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This topic is adapted from the PursueGOD Video YouTube channel.

Sin a seemingly insurmountable challenge every Christian faces daily. While confronting sin is important, Christians also need to be aware of how they respond to sin. When sin rears its head, two paths are placed before each person. One road leads to more healthy responses after falling short, and the other to sinful responses to sin. Let’s break this down into ten different negative responses to sin.

[Related: The Difference Between Good Guilt and Bad Guilt]

Minimizing Sin

This is probably one of the most common sinful responses to sin. When sin occurs, nothing is easier than saying, “It’s no big deal.” It’s so much simpler to ignore immoral behavior by believing that the sin was so small that it didn’t really matter. Remember these tiny acts can stack up and become huge problems. Dismissing little sins can be a gateway to dismissing larger immoral acts or even forgetting that they even happen. Becoming numb or apathetic toward sin is spiritually dangerous.

Legitimizing Sin

It can be tempting to do something bad because you believe that something good will come of it. Don’t get caught thinking God will approve of sin just because it may have a positive outcome eventually. Doing the wrong thing for the right reason is still sin, and trying to legitimize sin can turn into a bad habit. The apostle Paul spoke about this in Romans 6:1-2, reminding us of our freedom from sin and warning us not to voluntarily submit to it again.

Rationalizing Sin

Have you ever told yourself that you had a good reason for what you did? Maybe you blew up at a friend or coworker but they deserved it for treating you poorly? You sinned a little, but you wouldn’t have done that if they hadn’t pushed you. Sound familiar?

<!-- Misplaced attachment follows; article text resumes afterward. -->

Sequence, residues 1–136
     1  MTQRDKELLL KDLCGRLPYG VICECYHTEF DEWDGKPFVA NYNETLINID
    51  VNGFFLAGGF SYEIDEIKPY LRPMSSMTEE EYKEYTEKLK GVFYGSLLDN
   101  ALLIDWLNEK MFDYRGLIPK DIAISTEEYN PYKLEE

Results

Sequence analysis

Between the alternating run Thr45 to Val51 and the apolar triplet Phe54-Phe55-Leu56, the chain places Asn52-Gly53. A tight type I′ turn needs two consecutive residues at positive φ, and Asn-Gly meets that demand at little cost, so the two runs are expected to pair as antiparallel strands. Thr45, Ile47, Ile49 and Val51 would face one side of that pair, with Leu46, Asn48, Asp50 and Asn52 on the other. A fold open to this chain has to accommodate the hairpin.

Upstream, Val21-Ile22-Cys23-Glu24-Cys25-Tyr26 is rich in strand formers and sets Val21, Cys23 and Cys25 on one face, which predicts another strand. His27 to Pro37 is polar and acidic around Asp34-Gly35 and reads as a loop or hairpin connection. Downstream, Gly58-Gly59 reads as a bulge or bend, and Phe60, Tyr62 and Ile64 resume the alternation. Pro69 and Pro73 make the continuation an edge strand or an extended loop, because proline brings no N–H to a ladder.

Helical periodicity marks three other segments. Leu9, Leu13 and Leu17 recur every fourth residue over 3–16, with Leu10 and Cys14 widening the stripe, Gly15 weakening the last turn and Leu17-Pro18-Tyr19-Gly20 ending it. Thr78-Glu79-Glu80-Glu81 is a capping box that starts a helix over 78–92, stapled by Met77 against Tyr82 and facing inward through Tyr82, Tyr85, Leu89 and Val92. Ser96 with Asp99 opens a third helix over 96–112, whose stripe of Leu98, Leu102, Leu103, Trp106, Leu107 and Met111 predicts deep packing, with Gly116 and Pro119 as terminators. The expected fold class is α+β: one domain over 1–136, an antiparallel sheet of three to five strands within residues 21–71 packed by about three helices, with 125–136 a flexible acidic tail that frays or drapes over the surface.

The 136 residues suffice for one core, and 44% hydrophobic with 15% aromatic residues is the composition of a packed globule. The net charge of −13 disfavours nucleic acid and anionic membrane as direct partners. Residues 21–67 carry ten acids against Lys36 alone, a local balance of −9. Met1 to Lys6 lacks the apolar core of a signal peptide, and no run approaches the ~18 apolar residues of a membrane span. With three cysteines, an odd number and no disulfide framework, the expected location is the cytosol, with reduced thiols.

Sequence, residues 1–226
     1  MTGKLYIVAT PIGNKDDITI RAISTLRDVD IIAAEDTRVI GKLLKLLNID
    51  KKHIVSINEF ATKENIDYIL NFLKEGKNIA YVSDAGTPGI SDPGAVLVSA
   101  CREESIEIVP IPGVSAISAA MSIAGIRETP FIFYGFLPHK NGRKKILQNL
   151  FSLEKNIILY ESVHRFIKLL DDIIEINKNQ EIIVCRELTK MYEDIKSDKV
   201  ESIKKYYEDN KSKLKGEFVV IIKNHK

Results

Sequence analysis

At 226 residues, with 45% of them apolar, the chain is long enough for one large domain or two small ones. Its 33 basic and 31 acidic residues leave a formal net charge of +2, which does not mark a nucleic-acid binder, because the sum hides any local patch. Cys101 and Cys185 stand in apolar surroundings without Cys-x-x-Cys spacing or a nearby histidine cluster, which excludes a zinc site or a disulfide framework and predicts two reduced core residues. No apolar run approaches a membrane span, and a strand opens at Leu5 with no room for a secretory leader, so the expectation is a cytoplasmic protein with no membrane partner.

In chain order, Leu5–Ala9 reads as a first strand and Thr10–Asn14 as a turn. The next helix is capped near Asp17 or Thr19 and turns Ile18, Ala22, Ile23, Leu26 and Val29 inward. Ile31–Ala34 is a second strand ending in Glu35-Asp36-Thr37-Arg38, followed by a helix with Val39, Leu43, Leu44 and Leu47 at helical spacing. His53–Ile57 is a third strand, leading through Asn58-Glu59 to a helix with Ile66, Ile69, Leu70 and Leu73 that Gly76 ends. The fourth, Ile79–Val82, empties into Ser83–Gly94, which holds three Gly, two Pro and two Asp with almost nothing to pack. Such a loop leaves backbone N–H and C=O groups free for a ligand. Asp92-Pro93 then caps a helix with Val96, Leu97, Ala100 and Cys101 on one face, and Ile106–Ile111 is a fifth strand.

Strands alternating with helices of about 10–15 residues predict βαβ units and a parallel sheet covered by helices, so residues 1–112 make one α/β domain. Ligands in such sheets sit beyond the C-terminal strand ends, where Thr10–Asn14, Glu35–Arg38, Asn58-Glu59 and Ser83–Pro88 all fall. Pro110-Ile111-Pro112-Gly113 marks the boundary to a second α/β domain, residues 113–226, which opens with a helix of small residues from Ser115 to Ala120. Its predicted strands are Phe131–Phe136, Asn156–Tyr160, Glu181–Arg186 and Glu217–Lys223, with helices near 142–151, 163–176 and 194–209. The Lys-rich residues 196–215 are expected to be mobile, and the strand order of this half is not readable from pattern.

Rationalizing sin is a dangerous game to play. It’s also a pretty easy one. Almost anything can be rationalized away if the human mind is determined to feel innocent. God has given us consciences for a reason, and the habit of explaining away our sin goes against it. When sin happens, own it. No one wins or becomes a better person unless sin is a catalyst for positive change.

[Related: Humanity Under Sin | Bible Basics for New Believers #5]


“It’s not my fault. I didn’t do it. He made me. She made me.” Blame-shifting is as destructive as any response to sin.

Blame-shifting demonstrates a serious lack of responsibility for one’s actions. When Christians make mistakes, they are called to first and foremost confess and ask for forgiveness from the Lord. Secondly, Christians need to make amends with others if the situation warrants it. This can’t be done if responsibility for the sin is shifted elsewhere. Think about the story of Adam and Eve for a perfect picture of this scenario. Adam pointed at Eve, Eve pointed at the serpent, and no one took responsibility. (See Genesis 3:11-13.)

Diversionary Tactics

Creating a humorous environment after sin has occurred can seem like an innocent way to deflect a difficult situation. However, if sin always becomes a joke, than it is probably not being dealt with properly. Using humor or any tactic to divert attention away from your sin will never lead to a better you. Avoid diversionary tactics and deal with sin head on. You are never alone in the fight. God is your constant companion.

Partial Confession